This quarter at BGI our one varying elective is a class on energy systems. I assumed it would be a study on renewable energy and certainly it is, but what I’m learning most so far is what a tiny fraction of global energy is provided by renewables now, and how little that’s expected to change.
So where’s the juice? Well, our most abundant energy supply is indeed The Sun. It’s collection, conversion, storage and distribution that stump us. For other energy sources, location, extraction, transportation and use also come into play. Solar energy is what gives us tidal energy and wind energy. Old solar energy is what gives us fossil fuels.
In looking at fossil fuels, many assessments of sources focus on a Reserve/Production ratio which gives a sense of how much of the source is left. Our book (Energy Studies by Shepherd & Shepherd), published in 2003, sums up that we have about 40 years of oil left, planet-wide. What we do have lots of, to my surprise, is coal. Coal is likely to last us another 200 years, and is widely available geographically. Over the last 30 years many countries (like the UK) have shifted from coal to natural gas because of pollution issues. Coal is what generates acid rain and international disputes because the rain rarely falls where the pollution is generated. Coal plant technology has improved over that time: smokestacks now include limestone “scrubbers” that interact with Sulfur Oxide and keep it out of the air, but it’s still one of our most polluting energy sources (depending on how you want to stack it up against nuclear waste). Thus the emerging “clean coal” industry, trying to figure out how we can hang on to this abundant energy supply w/o poisoning ourselves or compromising so much of our planet’s surface getting at it.
Most electricity is generated from coal-fired plants, which generate anywhere from 200 MhW to 500 MhW. In the US 2004 about half our power was generated that way. The other half was natural gas and nuclear about equally, then hydro at about half of those. “Other Renewables”, listed as “Wood, black liquor, other wood waste, biogenic municipal solid waste, landfill gas, sludge waste, agriculture byproducts, other biomass, geothermal, solar thermal, photovoltaic energy and wind” accounted for just 2% of the total US electricity generation. That’s a bit of an eye-opener for someone who lives in Eco-topia, aka The Pacific Northwest. My local utility, Puget Sound Energy (PSE) gets 42% of its energy from Hydro, and is about to go after Wind in a big way. I suppose I shouldn’t be that surprised, I’ve watched Kilowatt Ours – a documentary about the coal industry and electricity use in the southeast US.
That movie and our textbook emphasize another oft-under-mentioned energy source: conservation. We live in an infrastructure that was built on an assumption of energy abundance, as capital investments depreciate there are many improvements to be made, but the kicker is we’re waiting for the depreciation to do it. I’m personally due – we’re about to replace our 10+ yr old clothes washer. Friends said they were able to drop from 16 gallons of water/load to about 2.5, and drying is shorter now because the clothes aren’t as wet when they come out of the washer. PSE includes conservation in their energy planning.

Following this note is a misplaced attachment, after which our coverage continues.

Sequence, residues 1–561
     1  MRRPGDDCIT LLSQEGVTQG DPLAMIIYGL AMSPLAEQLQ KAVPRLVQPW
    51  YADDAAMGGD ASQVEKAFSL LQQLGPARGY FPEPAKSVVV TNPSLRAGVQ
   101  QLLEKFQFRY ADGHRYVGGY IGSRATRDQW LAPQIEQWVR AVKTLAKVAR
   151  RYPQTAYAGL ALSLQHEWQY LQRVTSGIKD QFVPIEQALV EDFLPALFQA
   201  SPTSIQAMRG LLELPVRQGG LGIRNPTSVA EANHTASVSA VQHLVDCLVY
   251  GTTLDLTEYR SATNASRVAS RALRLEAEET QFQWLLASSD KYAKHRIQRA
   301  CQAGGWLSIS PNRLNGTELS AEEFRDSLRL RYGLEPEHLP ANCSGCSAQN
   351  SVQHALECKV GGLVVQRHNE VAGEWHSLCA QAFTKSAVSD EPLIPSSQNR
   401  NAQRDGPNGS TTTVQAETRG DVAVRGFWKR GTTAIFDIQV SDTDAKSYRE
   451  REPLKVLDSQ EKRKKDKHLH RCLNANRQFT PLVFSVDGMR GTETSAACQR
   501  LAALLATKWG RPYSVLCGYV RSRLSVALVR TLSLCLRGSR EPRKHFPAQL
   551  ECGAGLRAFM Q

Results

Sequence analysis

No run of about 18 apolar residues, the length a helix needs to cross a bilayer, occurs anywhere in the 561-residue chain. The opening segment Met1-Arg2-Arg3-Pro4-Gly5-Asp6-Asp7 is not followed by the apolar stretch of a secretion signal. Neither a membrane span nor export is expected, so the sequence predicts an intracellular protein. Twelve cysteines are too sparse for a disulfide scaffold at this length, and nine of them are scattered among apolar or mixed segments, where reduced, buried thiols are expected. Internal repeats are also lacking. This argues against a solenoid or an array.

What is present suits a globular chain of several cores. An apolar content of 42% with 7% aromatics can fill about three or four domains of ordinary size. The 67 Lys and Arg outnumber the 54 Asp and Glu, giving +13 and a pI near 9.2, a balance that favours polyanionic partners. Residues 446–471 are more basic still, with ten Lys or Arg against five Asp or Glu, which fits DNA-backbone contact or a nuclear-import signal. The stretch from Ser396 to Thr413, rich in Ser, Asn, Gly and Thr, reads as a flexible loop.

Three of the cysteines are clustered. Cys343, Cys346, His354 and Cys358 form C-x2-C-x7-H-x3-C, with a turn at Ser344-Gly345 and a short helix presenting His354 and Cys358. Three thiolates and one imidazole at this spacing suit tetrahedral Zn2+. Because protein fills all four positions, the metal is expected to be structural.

As an investor, wind gets a lot of air, but I’m getting skeptical. A guest speaker at BGI asserted that most of the good wind sites are now taken, though a Canadian student begged to differ, there are some good sites on Vancouver Island that need to overcome political resistance. Like the highly contested Cape Wind project off the coast of Massachusetts. I’ve also heard rumors that all the commercial wind turbines expected to be produced in the next 5-7 years are spoken for, and it will take time to build new plant capacity. My biggest concern about wind came up when I learned that consultants usually do multiple years of wind studies on a site before deciding where to put turbines. How fixed are wind patterns in an era of climate change? I’ve seen one new innovation that seemed to have potential – a company working to actually store wind power. Currently the biggest recognized drawback to wind is availability – you get power when you get it, not necessarily when you want it. Folks talk about “backing” wind power with something more on-demand like hydro. You can’t go “all wind”, you need the on-demand power source to fill the gaps and meet demand. If this company figures out how to store it, that will be a big boost for the industry, assuming I’m wrong about climate change and wind patterns. I’m the only one who seems to worry about it, but I was also the only one in high school physics who decided that if moving electricity creates a magnetic field, and changing magnetic fields can generate a current, maybe we should think harder about electric blankets.